Explosive jet fuel sloshing from a wrecked tanker truck two miles south of Marietta was reported in the Thursday, July 18, 1963 paper as having brought out scores of firemen and government personnel, intent on averting a disastrous fire. The truck, which had been headed for the Naval Air Station, had its trailer containing 7,800 gallons of JP-4 jet fuel slide into a ditch and turn on its side. The accident was where Richardson Road crossed the L&N Railroad tracks just off of Old Highway 41.

20 years ago …

In the Tuesday, July 13, 1993 MDJ reported that Kennesaw Mountain National Battlefield was high on a list of Civil War sites that needed more federal protection. The Civil War Sites Advisory Commission said in a report that 11 battlefields nationwide were in critical need of protection. The commission had asked Congress for $90 million over seven years to protect them. Kennesaw was not one of the 11, but it was on the top 25 list of most endangered battlefields.

In the Wednesday, July 14, 1993 paper it was reported that a 24-year-old Acworth man was arrested for the shooting death of Cobb Police Officer Robert J. Ingram, who had been on the force for two years. Officer Ingram, the first Cobb Police Department officer slain in the line of duty and only the third in the county, was killed around 12:40 a.m. the day before while questioning a man in a burglary-prone area.

A story the next day reported that the twice-convicted burglar charged in the murder had been released from Cobb County Correctional Institute (CCCI) only 12 days before the slaying. A “good-behavior” rule used in county correctional facilities enabled the man to serve only 6½ months of a 12 month sentence at CCCI.

On Friday, July 16, 1993 it was reported that a crowd of about 4,000 filled Roswell Street Baptist Church to say goodbye to Officer Ingram, a man that only a handful of them knew. The hour-long funeral procession was led by 60 motorcycles representing every major police agency in the metro area and from as far away as Macon. The procession also featured as many as 400 police cars, most with blue lights flashing.

Damon Poirier is the Newsroom Administrator for the Marietta Daily Journal.

If you are interested in learning more about the stories that were presented in this week’s column, you can search the newspaper’s digitized microfilm archives online. NewsBank, which hosts the archives for the Marietta Daily Journal, charges a fee for retrieved articles and has various price packages available. If you have any trouble with your username, password or payment options, please contact NewsBank at mariettadaily@newsbank.com.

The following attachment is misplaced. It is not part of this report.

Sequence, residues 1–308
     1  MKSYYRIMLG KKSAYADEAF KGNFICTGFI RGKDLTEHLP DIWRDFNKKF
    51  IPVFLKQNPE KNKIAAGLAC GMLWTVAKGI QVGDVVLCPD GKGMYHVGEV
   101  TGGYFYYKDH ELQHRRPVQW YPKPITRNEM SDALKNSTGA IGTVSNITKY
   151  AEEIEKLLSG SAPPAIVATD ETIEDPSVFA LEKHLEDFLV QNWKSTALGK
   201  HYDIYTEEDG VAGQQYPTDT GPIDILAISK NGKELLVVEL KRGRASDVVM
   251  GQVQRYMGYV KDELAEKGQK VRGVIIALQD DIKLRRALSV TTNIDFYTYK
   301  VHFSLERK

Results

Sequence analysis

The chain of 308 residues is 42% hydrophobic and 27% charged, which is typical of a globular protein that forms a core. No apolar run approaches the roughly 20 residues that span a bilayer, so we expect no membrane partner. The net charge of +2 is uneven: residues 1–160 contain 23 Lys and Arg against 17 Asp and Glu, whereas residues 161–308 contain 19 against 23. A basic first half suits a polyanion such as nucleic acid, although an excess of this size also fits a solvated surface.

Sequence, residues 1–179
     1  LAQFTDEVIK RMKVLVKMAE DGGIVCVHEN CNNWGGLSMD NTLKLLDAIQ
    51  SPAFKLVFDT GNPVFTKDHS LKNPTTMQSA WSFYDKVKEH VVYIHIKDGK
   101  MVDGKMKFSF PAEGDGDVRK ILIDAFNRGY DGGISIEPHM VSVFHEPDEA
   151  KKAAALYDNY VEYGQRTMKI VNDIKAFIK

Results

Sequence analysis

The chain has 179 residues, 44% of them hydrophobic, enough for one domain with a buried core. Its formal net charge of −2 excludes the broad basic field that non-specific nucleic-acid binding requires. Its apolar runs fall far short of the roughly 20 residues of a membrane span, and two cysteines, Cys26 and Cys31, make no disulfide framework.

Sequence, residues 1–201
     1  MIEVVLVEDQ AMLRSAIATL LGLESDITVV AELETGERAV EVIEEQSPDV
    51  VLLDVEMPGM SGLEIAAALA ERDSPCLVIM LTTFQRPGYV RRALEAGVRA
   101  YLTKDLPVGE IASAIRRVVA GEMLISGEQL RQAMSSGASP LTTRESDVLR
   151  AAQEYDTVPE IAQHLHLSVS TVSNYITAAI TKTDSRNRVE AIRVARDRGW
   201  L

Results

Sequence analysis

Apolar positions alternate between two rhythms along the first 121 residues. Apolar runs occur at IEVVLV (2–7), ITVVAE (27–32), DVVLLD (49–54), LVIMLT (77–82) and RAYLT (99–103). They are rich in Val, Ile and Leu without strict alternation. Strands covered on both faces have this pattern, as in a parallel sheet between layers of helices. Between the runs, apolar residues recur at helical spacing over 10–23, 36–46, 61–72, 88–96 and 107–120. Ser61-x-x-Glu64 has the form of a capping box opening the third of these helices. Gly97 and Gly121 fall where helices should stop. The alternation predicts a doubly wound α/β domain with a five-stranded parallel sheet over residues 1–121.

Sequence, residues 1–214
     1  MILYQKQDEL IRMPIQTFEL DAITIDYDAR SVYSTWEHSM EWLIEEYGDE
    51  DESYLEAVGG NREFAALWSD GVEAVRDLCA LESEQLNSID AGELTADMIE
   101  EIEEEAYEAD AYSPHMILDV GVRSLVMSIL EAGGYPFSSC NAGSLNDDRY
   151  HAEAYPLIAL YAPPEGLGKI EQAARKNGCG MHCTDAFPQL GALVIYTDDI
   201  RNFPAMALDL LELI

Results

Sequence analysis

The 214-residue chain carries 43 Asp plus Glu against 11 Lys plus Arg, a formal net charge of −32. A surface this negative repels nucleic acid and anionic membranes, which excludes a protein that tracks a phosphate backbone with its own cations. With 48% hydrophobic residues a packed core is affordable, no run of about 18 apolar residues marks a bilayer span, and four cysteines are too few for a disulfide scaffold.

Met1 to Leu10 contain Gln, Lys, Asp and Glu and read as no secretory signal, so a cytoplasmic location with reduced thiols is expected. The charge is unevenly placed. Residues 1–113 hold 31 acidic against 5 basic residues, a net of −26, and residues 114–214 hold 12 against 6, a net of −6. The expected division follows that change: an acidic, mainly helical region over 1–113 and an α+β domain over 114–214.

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Cobb’s Missing Plane of 1963
by Damon_Poirier
July 11, 2013 11:25 AM | 729 views | 0 0 comments | 18 18 recommendations | email to a friend | print | permalink

Fifty years ago, a series of articles appeared on the front pages of the Marietta Daily Journal for several days in July regarding a missing single-engine Cessna 140 and its two occupants. The plane, which took off from Cobb County’s McCollum Airport near Kennesaw, had only an hour’s worth of fuel and failed to return to the airport. Resolution to the mystery came 63 days later in September.

Below is a day by day look at the search coverage.

Sunday, June 30, 1963

It was reported that Ray Ford, a 20-year old milling machinist at Lockheed-Georgia Co., took off on an unauthorized flight at 2 a.m. the night before with another young male passenger. Ford, who owned the plane, was reported as having only logged 13 hours and 50 minutes of flight time in lessons.

Airport Manager Joe Sandmann stated that there were no airport personnel on duty at the time of the flight and that it was an unauthorized flight because Ford did not have a full pilot’s license. The only witnesses to the takeoff were two of Ford’s friends, who had driven him to the airport. When the plane did not return after an hour and a half, the witnesses notified Sandmann and the Federal Aviation Agency’s flight service in Atlanta. The witnesses stated that the plane had been heading toward the west as it took off.

Airport officials began broadcasts on the radio for residents near Lost Mountain in west Cobb to report if they heard a small plane in trouble.

At midday, the search was broadened to extend 100 miles from the airport. Engaging in the search were four planes of the Civil Air Patrol (CAP), as well as Cobb’s Civil Defense Rescue Squad and other rescue units from Austell and Acworth.

Monday, July 1, 1963

Ford’s passenger was identified as Tommy Harvey, who was also in his 20s.

One of Ford’s friends was reported as saying that the two men had gotten into the plane with the intention of only taxiing about the runway. But, then the airplane became airborne during maneuvering and took off. The craft was last seen making a left turn towards the south at an altitude of about 200 feet.

Volunteer cadets and senior staff from CAP squadrons in North Atlanta and Marietta took part in Monday’s search. Members of the CAP squadron in Rome were to arrive later that afternoon and other volunteers were expected from CAP units at Milledgeville and Warner-Robbins Air Force Base in Macon.